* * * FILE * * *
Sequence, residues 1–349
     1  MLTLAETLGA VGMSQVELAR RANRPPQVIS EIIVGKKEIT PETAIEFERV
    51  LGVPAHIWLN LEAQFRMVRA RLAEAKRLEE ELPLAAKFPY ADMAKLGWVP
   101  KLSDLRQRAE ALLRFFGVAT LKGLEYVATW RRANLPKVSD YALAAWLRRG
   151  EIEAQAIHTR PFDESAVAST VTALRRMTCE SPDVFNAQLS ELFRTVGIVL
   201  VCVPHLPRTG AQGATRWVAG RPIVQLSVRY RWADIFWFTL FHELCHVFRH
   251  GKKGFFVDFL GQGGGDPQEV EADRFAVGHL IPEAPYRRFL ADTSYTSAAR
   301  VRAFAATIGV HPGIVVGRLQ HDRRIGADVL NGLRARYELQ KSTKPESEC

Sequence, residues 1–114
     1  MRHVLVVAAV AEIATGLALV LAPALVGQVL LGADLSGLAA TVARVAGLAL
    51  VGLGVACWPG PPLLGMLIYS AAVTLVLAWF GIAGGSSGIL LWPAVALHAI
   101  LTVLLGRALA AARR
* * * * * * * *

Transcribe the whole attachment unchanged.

Sequence, residues 1–349
     1  MLTLAETLGA VGMSQVELAR RANRPPQVIS EIIVGKKEIT PETAIEFERV
    51  LGVPAHIWLN LEAQFRMVRA RLAEAKRLEE ELPLAAKFPY ADMAKLGWVP
   101  KLSDLRQRAE ALLRFFGVAT LKGLEYVATW RRANLPKVSD YALAAWLRRG
   151  EIEAQAIHTR PFDESAVAST VTALRRMTCE SPDVFNAQLS ELFRTVGIVL
   201  VCVPHLPRTG AQGATRWVAG RPIVQLSVRY RWADIFWFTL FHELCHVFRH
   251  GKKGFFVDFL GQGGGDPQEV EADRFAVGHL IPEAPYRRFL ADTSYTSAAR
   301  VRAFAATIGV HPGIVVGRLQ HDRRIGADVL NGLRARYELQ KSTKPESEC

Sequence, residues 1–114
     1  MRHVLVVAAV AEIATGLALV LAPALVGQVL LGADLSGLAA TVARVAGLAL
    51  VGLGVACWPG PPLLGMLIYS AAVTLVLAWF GIAGGSSGIL LWPAVALHAI
   101  LTVLLGRALA AARR